Certain rules of the company for the government of the employees operating its cars were not allowed in evidence. The most that could be said in regard to them is that they might tend to prove the admitted proposition that the particular act of starting the car backward, as the deceased was alighting, was negligent.
Instruction VI, asked by the plaintiffs and refused, purported to direct the jury that a presumption of negligence on the part of the defendant would arise from the fact that the accident happened to the deceased by the operation of its car while she was a passenger thereon. Instruction IX and others given by the court are criticised on the ground that they excluded from the consideration of the jury any act of negligence on the part of the defendant, other than that which, as above stated, is alleged to have caused the deceased to be thrown from the car, and also upon the ground that they put upon the plaintiffs the burden of proving the negligence of defendant, without aid from the presumption of negligence arising from the happening of the accident to a passenger on its car. All these matters are made immaterial by the allegations, admissions, and instruction above mentioned, limiting the jury to the single act alleged and directing them that that act was in itself negligent.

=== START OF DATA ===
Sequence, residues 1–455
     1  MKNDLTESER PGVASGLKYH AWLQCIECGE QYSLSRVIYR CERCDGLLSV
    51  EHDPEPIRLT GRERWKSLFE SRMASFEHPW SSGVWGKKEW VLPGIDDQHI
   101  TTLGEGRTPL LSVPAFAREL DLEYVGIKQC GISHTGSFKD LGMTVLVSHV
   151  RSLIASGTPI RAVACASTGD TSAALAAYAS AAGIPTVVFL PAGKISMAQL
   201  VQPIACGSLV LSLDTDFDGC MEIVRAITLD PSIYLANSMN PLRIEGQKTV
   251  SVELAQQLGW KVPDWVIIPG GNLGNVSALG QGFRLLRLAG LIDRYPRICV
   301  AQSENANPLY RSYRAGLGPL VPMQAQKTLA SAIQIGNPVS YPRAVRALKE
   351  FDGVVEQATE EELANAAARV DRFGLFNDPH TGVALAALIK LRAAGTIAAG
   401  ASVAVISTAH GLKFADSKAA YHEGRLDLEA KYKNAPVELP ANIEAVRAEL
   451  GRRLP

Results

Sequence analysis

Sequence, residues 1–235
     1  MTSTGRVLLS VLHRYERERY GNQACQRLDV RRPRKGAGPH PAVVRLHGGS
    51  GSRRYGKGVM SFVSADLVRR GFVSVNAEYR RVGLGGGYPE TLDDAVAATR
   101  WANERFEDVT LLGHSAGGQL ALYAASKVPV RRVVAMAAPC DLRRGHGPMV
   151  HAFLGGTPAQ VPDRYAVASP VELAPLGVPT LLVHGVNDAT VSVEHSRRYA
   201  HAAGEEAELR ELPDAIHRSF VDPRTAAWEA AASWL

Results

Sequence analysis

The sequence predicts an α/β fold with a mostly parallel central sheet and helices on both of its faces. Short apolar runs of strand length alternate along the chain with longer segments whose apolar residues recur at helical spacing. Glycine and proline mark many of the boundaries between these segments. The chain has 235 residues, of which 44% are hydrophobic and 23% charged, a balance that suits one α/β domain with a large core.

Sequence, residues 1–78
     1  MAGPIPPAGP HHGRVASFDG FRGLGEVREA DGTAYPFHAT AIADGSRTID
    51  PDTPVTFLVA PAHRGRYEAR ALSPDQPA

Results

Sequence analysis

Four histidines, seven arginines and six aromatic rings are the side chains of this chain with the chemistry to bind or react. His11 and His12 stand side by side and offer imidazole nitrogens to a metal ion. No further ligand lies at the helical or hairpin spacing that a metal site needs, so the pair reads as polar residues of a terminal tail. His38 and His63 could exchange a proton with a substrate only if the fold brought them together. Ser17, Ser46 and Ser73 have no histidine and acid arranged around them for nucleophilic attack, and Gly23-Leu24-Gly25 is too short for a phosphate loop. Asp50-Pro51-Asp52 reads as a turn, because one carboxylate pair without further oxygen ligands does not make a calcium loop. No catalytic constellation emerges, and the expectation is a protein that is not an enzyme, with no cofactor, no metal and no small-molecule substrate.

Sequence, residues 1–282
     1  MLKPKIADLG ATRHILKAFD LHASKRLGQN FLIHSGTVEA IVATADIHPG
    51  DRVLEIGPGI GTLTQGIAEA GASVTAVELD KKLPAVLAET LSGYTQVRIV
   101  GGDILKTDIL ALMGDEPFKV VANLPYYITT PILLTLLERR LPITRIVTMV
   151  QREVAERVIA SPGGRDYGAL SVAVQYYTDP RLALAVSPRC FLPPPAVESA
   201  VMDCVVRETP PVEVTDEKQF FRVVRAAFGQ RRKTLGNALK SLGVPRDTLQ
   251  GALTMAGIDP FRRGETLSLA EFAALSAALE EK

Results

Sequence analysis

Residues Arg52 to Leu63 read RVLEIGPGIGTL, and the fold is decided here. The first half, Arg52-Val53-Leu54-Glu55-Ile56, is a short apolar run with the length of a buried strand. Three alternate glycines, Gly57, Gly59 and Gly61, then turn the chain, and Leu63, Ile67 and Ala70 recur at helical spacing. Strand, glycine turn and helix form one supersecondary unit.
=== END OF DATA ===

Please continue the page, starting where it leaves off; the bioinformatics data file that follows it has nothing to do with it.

It is proper to say, in this connection, that the instructions given as aforesaid were not erroneous as claimed. The criticism of them is based upon what appears to be a misapprehension as to the effect of the maxim, res ipsa loquitur. It is not the law, as the argument of the plaintiffs implies, that the mere fact that a passenger is injured while aboard a car, or while alighting therefrom, creates a presumption that the injury was caused by want of care on the part of the defendant operating such car. It must first be shown that the injury came from the movement of the car by those in charge of it, or from something connected therewith, or in control of the defendant. When this is done, the law then presumes, prima facie, that the particular thing thus shown to have caused the injury was due to the defendant's negligence, and the burden is thrown upon the defendant to disprove the prima facie case thus made. Such negligence is presumed because such accidents do not ordinarily happen if due care is used, and because the defendant is usually better able than the plaintiff to show the actual truth of the matter. In Griffen v. Manice, 166 N.Y. 193, [82 Am. St. Rep. 630, 59 N.E. 925], the court, referring to this maxim, says: "It is not the injury, but the manner and circumstances of the injury, that justifies the application of the maxim and the inference of negligence. If a passenger in a car is injured by striking the seat in front of him, that of itself authorizes no inference of negligence. If it be shown, however, that he was precipitated against the seat by reason of the train coming in collision with another train, or in consequence of the car being derailed, the presumption of negligence arises." So here, the fact that the deceased was injured by falling to the ground, creates no presumption of negligence. But if it is also shown that the fall came about from the sudden start of the car as she was stepping off the same, then it will be presumed that the sudden start was caused by the defendant's negligence. But the proof of the injury, that is, the bruise or hurt, or the proof that she fell to the ground, without proof as to why she fell, raises no presumption either that she was made to fall by the sudden starting of a car at rest, or by a careless attempt to get off while it was in motion and before it had stopped. (Lincoln Tr. Co. v. Shepherd, 74 Neb. 372, [104 N.W. 882, 107 N.W. 764]; Saunders v. Chicago etc. Co., 6 S. Dak. 40, [60 N.W. 148].)